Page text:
01/03/2016 06:06 GMT | Updated 01/03/2017 05:12 GMT

When Size Shouldn't Matter

I heard something really sad today. A friend of mine told me that her 12 year old daughter wants some 'tummy control' pants, because her daughter thinks she has a fat stomach. This 12 year old girl is beautiful - in recent months, she's really started to blossom from the puppy fat stage into a striking - and slim - young woman. And yet, at just 12 years of age, she's feeling pressured enough about her body shape to put in a request for underwear that I only started wearing after my second baby was born 18 months ago.

Seriously, how did we get to a stage where this is even a thing? That a young girl, who isn't yet a teenager, is worried about this kind of stuff?

When I was 12 years old, I didn't really have a concept of 'fat'. If I remember correctly, at 12 years of age I was excited to wear my mum's clothes on special occasions and my spare time was spent listening to the Top 40 and obsessing over Take That.

I started to care about my appearance when I was 16 or so - but even then, as an indie kid, I dressed down, with short hair and zero make-up. In contrast, my best friend at that age was a goth, with heavy black eyeliner, fake fur jackets and enormous black boots. We thought we looked pretty goddamn cool. Whether we did or not isn't the point - the point is that, yes, we cared about how we looked, but the aim was to look different. We didn't want to look like everybody else. Teenage years were for forging our own identity, wearing outfits that made our parents look puzzled or aghast. And - and this is the big difference - it was never about changing our body shape. We were happy as we were.

When I think back now, I was a size 10 - 12, and was probably the thinnest girl in my social circle. Teenage girls were normal sizes - 10, 12, 14, 16 - and nobody thought anything of it. We certainly didn't diet. Most of us put weight on during our university years (bad food and drinking), but other than that we remained pretty much consistent.

The thing is, I honestly do not think any of us could have been a size 6 or 8, even if we'd starved ourselves. Our bodies were just too big. Our hips were just too wide, our thighs just, well, there. Because we were young women, no longer pre-pubescent girls. And, importantly, this was the norm. I remember shopping in TopShop as a teenager and having to rummage to the back of the rack to find the one size 10, because size 10s were unusual. There wasn't a size 6 or a size 8 in sight.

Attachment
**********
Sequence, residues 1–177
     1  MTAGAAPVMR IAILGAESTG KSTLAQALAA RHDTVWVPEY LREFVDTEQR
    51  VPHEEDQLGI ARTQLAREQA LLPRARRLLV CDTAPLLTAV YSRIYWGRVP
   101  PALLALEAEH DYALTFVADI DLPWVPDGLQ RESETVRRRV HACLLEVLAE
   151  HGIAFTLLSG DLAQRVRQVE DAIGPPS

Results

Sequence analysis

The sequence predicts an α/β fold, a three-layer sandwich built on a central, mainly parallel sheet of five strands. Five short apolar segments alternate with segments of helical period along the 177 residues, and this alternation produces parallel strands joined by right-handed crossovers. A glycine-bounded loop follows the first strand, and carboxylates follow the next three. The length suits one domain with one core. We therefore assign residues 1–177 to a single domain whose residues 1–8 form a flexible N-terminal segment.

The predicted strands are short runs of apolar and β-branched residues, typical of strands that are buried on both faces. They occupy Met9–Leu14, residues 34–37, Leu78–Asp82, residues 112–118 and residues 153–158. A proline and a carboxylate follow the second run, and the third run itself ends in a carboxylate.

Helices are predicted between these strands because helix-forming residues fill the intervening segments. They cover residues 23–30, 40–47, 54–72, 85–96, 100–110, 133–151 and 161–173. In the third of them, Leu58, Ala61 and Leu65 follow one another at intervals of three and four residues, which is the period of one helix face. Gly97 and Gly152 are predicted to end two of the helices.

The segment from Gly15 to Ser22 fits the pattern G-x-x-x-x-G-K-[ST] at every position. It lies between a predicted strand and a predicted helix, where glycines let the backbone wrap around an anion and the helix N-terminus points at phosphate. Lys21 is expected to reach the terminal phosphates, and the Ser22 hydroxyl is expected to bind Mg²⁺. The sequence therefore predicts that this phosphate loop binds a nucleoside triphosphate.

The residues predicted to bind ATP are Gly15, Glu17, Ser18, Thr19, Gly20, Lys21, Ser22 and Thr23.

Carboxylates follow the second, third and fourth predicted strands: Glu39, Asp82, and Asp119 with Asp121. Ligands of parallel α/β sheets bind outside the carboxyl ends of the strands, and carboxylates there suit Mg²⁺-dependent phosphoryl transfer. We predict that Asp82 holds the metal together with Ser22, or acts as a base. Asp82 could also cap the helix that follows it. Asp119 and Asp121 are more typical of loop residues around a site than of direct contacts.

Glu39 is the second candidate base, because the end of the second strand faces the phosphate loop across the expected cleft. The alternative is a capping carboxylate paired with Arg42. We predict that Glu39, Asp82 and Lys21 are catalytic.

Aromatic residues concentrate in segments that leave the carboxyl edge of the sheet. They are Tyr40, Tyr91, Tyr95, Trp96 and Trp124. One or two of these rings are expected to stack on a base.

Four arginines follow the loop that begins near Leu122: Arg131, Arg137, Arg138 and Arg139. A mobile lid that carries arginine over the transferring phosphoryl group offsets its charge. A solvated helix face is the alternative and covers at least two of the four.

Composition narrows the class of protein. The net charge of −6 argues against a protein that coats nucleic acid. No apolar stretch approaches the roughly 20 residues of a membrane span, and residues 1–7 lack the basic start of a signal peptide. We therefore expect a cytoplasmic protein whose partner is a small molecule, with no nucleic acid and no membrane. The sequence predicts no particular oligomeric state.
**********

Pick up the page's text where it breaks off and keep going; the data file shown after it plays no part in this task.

I've often thought that a big part of the problem with body-consciousness these days is that girls now shop in women's fashion stores. It's not unusual for tiny girls of 11 or 12 to be wearing high street fashion, which means that these stores have tiny sizes available. Even I wonder if I'm 'supposed' to be fitting in to a size 8 these days when I shop in these stores.

Somewhere along the line, we've let our girls down. We've created a society with conflicted messages, where women's body shapes (and pubic hair) are expected to stay girl-like, and yet other so-called aspects of 'femininity' are so over exaggerated they're often faked. Hair extensions? Check. Boob job? Check. False nails? Check. It's now a perfectly normal thing for young girls to be getting eye brow waxes and fake tans. And this depresses the hell out of me.

We were the generation that grew up wanting to be smart and independent, yet we've created a world where self-narcissism dictates everything. Kim Kardashian, for example, is my age, and she is fawned over for having a massive butt and taking selfies. Inexplicably, this woman is an idol to teenage girls all over the world. How the hell did we allow this to happen?

To any young woman out there who is feeling insecure about the way they look, on behalf of my generation, I'm sorry. You have no idea how beautiful you are - just as you are - and I'm sorry that we don't say this loudly enough so that you can hear us.

And to women of my generation, we need to be saying this more loudly. This message isn't getting through, and we owe it to all those girls who are scrutinising and criticising what they see in the mirror when the rest of us can only see their beauty.